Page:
X, Formerly Known as Twitter, Slashes Ad PricesX, Formerly Known as Twitter, Slashes Ad Prices
Elon Musk said ad revenue is down by around 50%.
July 26, 2023
At a Glance
- X, formerly known as Twitter, has cut ad prices by 50% on some formats.
- In true Elon Musk fashion, X also threatened advertisers that do not spend the required amount by Aug. 7.
A purported fire sale is going on at X, formerly known as Twitter, as the Elon Musk-led social media site reportedly slashes ad prices to lure advertisers back to its problem-plagued platform.
But in true Musk form, the carrot comes with a stick as well: X said companies will lose their verified status if they do not meet certain spending thresholds. A gold check mark next to a brand’s profile on X verifies its authenticity.
According to The Wall Street Journal, X is offering 50% discounts on any new video ads that will sit on top of its trending topics list in the site’s ‘Explore’ tab. The promotion ends on July 31.
However, advertisers risk losing their verified status if they don’t spend at least $1,000 on ads in the prior 30 days or 6,000 in the prior 180 days. The new rule kicks in on Aug. 7.
The fire sale comes as ad revenue continues to falter. On July 15, Musk tweeted that ad revenue is down around 50%. Together with the site’s “heavy debt load,” X has negative cash flow.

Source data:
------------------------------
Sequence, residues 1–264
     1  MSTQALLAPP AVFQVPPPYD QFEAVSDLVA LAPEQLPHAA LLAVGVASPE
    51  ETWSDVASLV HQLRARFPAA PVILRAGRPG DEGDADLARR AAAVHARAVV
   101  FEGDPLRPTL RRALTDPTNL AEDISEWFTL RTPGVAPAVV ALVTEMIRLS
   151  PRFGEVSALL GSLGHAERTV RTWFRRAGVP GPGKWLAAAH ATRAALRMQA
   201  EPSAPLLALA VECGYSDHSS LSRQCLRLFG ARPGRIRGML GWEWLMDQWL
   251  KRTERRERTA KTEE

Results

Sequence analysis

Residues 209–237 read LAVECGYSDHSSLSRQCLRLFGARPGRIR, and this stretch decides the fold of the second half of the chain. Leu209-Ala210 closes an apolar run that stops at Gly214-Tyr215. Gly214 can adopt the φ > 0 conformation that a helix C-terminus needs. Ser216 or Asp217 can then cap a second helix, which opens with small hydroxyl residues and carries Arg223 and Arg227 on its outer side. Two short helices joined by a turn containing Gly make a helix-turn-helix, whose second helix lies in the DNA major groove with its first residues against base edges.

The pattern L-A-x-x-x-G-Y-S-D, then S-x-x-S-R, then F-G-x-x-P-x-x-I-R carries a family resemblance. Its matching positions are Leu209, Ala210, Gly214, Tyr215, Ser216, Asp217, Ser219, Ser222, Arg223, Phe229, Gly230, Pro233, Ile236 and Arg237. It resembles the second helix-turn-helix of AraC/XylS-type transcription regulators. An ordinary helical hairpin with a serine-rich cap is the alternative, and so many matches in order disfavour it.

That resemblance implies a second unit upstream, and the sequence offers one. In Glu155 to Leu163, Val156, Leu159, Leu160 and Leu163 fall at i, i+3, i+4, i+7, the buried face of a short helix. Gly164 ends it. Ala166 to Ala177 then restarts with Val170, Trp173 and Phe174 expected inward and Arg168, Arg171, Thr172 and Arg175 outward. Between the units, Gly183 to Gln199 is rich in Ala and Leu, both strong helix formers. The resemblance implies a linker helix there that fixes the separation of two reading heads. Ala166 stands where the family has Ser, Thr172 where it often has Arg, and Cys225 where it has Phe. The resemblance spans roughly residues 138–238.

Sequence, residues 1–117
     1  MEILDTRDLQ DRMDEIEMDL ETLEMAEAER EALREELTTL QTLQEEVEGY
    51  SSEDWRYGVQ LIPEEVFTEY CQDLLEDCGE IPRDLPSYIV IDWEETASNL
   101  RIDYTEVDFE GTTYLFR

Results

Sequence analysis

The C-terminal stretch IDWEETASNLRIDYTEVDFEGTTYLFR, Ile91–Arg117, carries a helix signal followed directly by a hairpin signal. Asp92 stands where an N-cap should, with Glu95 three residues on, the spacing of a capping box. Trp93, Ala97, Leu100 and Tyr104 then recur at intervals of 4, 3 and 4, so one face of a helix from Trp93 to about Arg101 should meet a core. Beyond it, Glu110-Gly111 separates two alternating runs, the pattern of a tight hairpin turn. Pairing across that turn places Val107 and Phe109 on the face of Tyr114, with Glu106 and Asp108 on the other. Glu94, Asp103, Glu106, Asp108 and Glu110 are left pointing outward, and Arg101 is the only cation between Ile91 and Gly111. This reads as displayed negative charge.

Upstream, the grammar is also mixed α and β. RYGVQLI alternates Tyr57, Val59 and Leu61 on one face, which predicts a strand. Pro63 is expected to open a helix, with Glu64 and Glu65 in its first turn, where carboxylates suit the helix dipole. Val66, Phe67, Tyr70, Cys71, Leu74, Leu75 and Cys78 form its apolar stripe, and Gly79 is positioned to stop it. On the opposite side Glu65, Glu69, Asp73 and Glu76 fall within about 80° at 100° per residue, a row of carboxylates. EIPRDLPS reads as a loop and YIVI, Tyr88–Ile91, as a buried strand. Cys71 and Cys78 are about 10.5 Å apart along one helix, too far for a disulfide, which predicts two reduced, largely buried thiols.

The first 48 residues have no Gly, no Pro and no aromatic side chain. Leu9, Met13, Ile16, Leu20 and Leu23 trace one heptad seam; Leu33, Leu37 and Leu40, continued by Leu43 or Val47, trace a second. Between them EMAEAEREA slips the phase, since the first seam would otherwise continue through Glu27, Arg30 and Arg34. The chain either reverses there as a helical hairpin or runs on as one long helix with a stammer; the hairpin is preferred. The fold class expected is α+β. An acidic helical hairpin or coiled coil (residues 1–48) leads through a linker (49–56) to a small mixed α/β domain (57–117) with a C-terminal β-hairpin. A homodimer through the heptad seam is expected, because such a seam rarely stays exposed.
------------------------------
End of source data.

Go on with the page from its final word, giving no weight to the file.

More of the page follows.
The former Twitter had offered steep incentives to advertisers before. In January, it offered free ad space to match $250,000 in ad spending following a flight of advertisers after Musk’s takeover, according to the Journal.
Since then, Musk has hired a seasoned marketing executive, Linda Yaccarino, from NBCUniversal as CEO to bring back advertisers. However, Musk has continued to make disruptive changes such as limiting the number of posts users could read and creating a three-tier API access plan that now charges most users to embed Twitter on their websites. It used to be free.
Disincentivizing users from tweeting or using Twitter would reduce the number of eyeballs, making the site less attractive to advertisers.
Such disarray has opened a rare opportunity for another tech giant, Meta, to start Threads, its Twitter doppelganger. However, after soaring to 100 million users in just five days since its July 6 launch, the site’s daily active user count on Android globally was cut in half to 23.6 million as of July 17, according to Similarweb. User engagement fell from 21 minutes to just over six minutes.
Threads “is missing many basic features and still needs to offer a compelling reason to switch from Twitter or start a new social media habit with Threads,” according to Similarweb.
Musk might just have handed Threads users that extra motivation: This week, he changed the familiar blue-bird logo and name to X, destroying Twitter’s brand equity known the world over.
Yaccarino fell in line. Musk has long wanted to create an "everything" app that not only is a digital town hall but also offers financial and other services. However, it's also unclear if he can legally change the name to X because many companies have IP rights to the letter, including Meta and Microsoft (for Xbox), according to Reuters.
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